Hedge funds have endured a torrid year, according to the latest edition of HSBC’ ranking of hedge funds by their returns.
Big names featuring in the bottom 20 of the HSBC Hedge Fund Performance Report include Odey European (-22.7%, equity diversified fund), RAB Global Mining & Resources Fund (-26.35%, an equity diversified/global) and three of John Paulson’s six funds (Advantage and Advantage Plus and Recovery, all multi-strategy/global funds).
Paulson was forced to apologise to his investors in November for his worst performance in 17 years. His Advantage Plus sits at the bottom of the table, with -47.77% (as of Nov. 30, 2011). Paulson did better with his Credit Opportunities (18.2%, distressed security/global) and his two merger arbitrage/global funds, Enhanced (19.86%) and International (9.25%).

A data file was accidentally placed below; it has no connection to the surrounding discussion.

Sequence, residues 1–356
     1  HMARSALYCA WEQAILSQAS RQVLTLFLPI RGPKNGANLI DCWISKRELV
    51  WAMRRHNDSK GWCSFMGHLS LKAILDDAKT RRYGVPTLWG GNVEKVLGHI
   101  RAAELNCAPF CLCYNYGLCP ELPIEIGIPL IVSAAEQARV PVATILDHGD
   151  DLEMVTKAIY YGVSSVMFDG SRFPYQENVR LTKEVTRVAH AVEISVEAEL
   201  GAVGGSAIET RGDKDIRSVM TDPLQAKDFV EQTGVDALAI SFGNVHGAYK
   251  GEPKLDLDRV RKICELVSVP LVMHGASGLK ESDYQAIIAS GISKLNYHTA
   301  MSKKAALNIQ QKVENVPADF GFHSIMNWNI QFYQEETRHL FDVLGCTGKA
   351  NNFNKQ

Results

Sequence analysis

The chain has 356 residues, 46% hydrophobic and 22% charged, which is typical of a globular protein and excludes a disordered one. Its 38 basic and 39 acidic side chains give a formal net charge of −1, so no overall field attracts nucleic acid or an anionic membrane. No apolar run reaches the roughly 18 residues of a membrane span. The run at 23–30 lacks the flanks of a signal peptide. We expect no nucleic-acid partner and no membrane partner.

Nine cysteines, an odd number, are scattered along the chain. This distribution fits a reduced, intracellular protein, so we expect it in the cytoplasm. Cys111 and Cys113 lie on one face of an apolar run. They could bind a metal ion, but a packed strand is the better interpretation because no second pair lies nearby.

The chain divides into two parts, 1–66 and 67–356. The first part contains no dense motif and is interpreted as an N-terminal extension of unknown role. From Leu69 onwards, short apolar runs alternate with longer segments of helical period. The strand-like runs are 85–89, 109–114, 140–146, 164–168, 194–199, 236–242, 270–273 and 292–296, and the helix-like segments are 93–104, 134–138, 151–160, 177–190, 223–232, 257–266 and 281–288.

A number of top performing funds crashed out last year, to find themselves languishing in the bottom 20, highlighting the extreme volatility of the markets. Two funds that had been in the top three in 2009 and 2010, but are now at the foot of the table are Henderson European ABS Return (-42.80%, equity diversified) and SenVest Partners (-36.98%, equity mid-small cap/USA); Philippe Jabre’s Jabcap Balanced Fund, from being third in 2009, has posted -26.88%.
Steve Heinz’s Lansdowne European Long Only fund was down 2.47%, while UK Equity fund performed lost 19.65%.
Head of the table is Jim Simons’ Renaissance Institutional Equities (equities diversified/USA), which gave investors a return of 34.66%, after a bad run through 2009 and 2010. RIE is followed by Fehim Sever’s Marshall Wace Global Opportunities (26.57%, equity diversified/global) and BlackRock 32 Capital Master Fund (24.41%, systematic/global).
The report is not published and is for private circulation among clients of HSBC Private Banking only. Notable absences from the report include Ray Dalio’s Bridgewater Associates, which reports suggest gained 25%, Oaktree Capital and Eclectica, among others.